$12,000 - $6,000
P’s submission on Appeal

P is appealing against the DR’s award of $6,000 in damages for insomnia and adjustment disorder with depressed mood. P submitted on appeal that the DR erred in finding that while RTA1 contributed to P’s adjustment disorder, D should only be liable to half of P’s post-RTA2 pain and suffering.3

P submitted that this finding was not justified as P’s complaints and symptoms existed before RTA2 and did not worsen after RTA2.4


The basis for submitting that P’s condition had not worsened was that the “Plaintiff’s complaints regarding his psychological condition were largely similar before and after the 2nd accident.” However, the fact that the complaints were similar in nature is not sufficient to establish that the symptoms did not get more severe after RTA2.

I agreed with the DR that the evidence showed that P’s condition worsened after RTA2 and D should only be liable to half of P’s post-RTA2 pain and suffering. In arriving at this finding, I noted that: P’s diagnosis for adjustment disorder with depressed mood was only made 8.5 months after RTA2 which suggests that his condition may have worsened after RTA2 to the extent that it fit the diagnostic criteria for the condition. After P started working as a taxi driver in 2012, P defaulted on his appointments of psychiatry and psychology without good reason. This suggests that since he had a relatively stable source of income as a taxi driver, the symptoms he had reported had lessened to the extent that he did not see a need to seek medical help for them.

Part II: Medical and Transport Expenses Pre-trial Medical Expenses

P’s Submission D’s Submission DR’s award Award on Appeal
$59,739.54 $14,450.29 $27,139.54 ($24,007.30+ $3,132.24) $33,763.48 ($30,631.24+ $3,132.24)

As I had allowed P’s application to amend the Statement of Special Damages, I am awarding P $30,631.24 for medical expenses for the period 27 Dec 2010 to 27 Sep 2012.

For the reasons stated earlier concerning the seriousness of RTA2 and its impact on the plaintiff, I agreed with the DR’s approach to award P half of the post-RTA2 medical expenses used to treat P’s injuries that are not clearly attributable to RTA2.5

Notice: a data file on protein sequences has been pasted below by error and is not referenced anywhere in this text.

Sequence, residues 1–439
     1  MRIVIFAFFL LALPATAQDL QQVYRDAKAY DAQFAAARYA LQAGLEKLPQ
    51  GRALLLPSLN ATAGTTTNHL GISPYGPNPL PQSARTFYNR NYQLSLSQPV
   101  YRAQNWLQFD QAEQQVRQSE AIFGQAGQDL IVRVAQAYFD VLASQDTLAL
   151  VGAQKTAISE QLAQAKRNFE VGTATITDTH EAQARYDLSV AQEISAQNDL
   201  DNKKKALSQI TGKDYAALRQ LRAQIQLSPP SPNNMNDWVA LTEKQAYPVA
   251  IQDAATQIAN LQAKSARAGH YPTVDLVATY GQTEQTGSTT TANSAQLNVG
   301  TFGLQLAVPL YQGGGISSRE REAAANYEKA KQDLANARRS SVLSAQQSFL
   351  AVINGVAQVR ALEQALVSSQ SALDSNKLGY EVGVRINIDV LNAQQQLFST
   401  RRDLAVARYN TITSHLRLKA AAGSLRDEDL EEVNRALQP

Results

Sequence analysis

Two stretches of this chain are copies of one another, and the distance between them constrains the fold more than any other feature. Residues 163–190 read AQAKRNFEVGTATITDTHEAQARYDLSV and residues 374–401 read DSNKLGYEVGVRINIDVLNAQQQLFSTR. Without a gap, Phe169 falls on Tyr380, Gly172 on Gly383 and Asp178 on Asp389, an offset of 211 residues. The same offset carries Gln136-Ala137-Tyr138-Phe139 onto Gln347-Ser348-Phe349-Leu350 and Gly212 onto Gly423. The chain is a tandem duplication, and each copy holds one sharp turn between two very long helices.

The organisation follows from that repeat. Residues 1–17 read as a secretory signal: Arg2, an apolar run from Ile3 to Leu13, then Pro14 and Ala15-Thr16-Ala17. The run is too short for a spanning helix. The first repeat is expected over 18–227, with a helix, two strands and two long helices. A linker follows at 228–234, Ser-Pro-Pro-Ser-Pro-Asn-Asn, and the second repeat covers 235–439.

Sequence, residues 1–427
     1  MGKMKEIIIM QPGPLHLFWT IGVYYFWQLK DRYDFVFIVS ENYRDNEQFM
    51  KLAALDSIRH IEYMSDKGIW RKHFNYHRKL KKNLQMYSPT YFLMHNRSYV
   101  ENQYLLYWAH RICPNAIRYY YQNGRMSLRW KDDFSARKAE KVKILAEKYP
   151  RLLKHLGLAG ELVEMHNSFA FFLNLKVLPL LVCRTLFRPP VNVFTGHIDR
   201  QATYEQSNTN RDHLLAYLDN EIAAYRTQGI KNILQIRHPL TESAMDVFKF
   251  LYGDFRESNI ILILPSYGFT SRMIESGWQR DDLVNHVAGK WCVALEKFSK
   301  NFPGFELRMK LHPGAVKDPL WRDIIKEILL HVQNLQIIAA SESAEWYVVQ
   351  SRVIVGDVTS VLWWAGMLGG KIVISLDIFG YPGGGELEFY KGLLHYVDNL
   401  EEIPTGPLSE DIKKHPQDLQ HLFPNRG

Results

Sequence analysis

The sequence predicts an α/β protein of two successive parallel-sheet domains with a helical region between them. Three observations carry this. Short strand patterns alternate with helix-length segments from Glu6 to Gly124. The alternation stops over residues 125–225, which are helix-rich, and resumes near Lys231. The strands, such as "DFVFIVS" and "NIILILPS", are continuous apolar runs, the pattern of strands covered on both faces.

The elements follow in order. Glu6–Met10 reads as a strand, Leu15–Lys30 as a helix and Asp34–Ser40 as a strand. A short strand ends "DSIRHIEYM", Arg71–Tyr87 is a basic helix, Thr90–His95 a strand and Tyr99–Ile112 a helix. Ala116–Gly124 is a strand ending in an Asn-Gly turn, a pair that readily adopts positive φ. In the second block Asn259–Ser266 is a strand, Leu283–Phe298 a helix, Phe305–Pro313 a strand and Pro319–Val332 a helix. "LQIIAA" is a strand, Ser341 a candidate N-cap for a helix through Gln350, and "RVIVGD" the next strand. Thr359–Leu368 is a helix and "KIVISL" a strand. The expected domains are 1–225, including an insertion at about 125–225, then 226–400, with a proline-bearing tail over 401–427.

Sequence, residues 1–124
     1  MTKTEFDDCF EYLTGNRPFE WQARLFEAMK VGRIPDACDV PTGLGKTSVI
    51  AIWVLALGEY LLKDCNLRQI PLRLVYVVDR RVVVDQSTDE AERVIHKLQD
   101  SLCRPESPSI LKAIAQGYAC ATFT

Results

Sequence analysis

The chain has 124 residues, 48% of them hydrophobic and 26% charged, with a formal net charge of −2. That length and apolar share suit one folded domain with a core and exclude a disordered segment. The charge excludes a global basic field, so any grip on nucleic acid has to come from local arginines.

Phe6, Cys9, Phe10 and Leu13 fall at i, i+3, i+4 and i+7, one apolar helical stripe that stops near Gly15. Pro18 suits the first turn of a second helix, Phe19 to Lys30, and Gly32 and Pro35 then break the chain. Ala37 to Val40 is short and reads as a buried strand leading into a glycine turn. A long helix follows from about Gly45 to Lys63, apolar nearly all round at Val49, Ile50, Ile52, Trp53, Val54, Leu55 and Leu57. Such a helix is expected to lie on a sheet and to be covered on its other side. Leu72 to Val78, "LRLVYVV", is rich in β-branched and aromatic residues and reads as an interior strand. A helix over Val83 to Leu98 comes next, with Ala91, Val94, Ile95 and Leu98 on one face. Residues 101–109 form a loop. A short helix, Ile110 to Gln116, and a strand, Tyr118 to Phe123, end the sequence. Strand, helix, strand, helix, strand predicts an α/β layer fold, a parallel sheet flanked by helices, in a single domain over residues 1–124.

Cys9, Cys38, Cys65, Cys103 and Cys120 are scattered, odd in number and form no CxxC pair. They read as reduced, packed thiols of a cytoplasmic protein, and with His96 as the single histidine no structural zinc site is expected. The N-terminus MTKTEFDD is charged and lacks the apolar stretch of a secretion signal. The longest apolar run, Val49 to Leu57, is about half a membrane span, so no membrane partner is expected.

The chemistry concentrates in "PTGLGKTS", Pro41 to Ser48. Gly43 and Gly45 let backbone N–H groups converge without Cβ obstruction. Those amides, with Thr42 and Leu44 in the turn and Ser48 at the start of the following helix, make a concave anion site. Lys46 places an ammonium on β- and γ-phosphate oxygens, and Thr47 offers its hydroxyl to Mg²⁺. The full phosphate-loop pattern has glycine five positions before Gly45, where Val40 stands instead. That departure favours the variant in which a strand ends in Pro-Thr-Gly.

Future Medical Expenses

P’s Submission D’s Submission DR’s award
$56,304 $1,000 $2,484.13

I dismissed P’s appeal against the DR’s award of $2,484.13 for future medical expenses.

P’s submission

The plaintiff’s claim of $56,304 for future medical expenses was based on $276.00/month x 12 months/year x 17 (being the multiplier considering P’s 36-year remaining life expectancy). At the hearing of the appeal, the plaintiff put forward an alternative sum of $8,721 ($513 x multiplier of 17 years).6

Court’s finding on future medical expenses

I agreed with the DR’s approach in looking at: The historical cost of the medication (Gabapentin, Paracetamol, Eperisone, HCl, and Glucosamine) that was given to P as well as whether the cost of medication was increasing or decreasing. How frequently the medication was dispensed.

Given that the medication was only dispensed once a year in 2018 and 2019 (and twice in 2017), I agreed with the DR’s decision: To make an award on the basis that P would require medication and an accompanying consultation once a year. To peg the cost of medication at $266.45 and the cost of consultation at $25.80 based on P’s historical costs.

On the basis that half of P’s pain and suffering for his whiplash is attributable to RTA2, I agreed with the DR that it would be wrong for D1 to bear the entire cost of P’s future medical expenses and agreed with the 50% deduction applied by the DR.

Pre-trial and future Transport Expenses

Pre-trial Transport Expenses
P’s Submission D’s Submission DR’s award
$3,210 - $490.00
Future Transport Expenses
P’s Submission D’s Submission DR’s award
$5,040 - $42.50

I dismissed P’s appeal against the DR’s award of $490 for pre-trial and $42.50 for future transport expenses.

Plaintiff’s submission

P does not dispute the fact that there was no documentary proof regarding P’s transport expense. However, P cites the case of Tan Hun Boon v Rui Feng Travel Pte Ltd and another [2018] 3 SLR 244 where Judicial Commission Pang Khang Chau (as he then was) gave a global award $3,000 for future transport expenses which were estimated to amount to 101 trips over 18 years.

Defendant’s submission

D disputes this head of claim as it is an item of special damages which was not proven by taxi receipts.


As a starting point, I agreed with the DR that P should be awarded pre-trial transport expenses for 107 trips to the hospital comprising 89 trips before RTA2 and 18 trips after RTA2.

Given the lack of evidence as to the transport expenses incurred, I agreed with the DR’s approach to peg the amount per trip at $5. P was entitled to these expenses and even if there were no receipts, the cost of transport would not have been zero. I also noted that some of these trips took place when...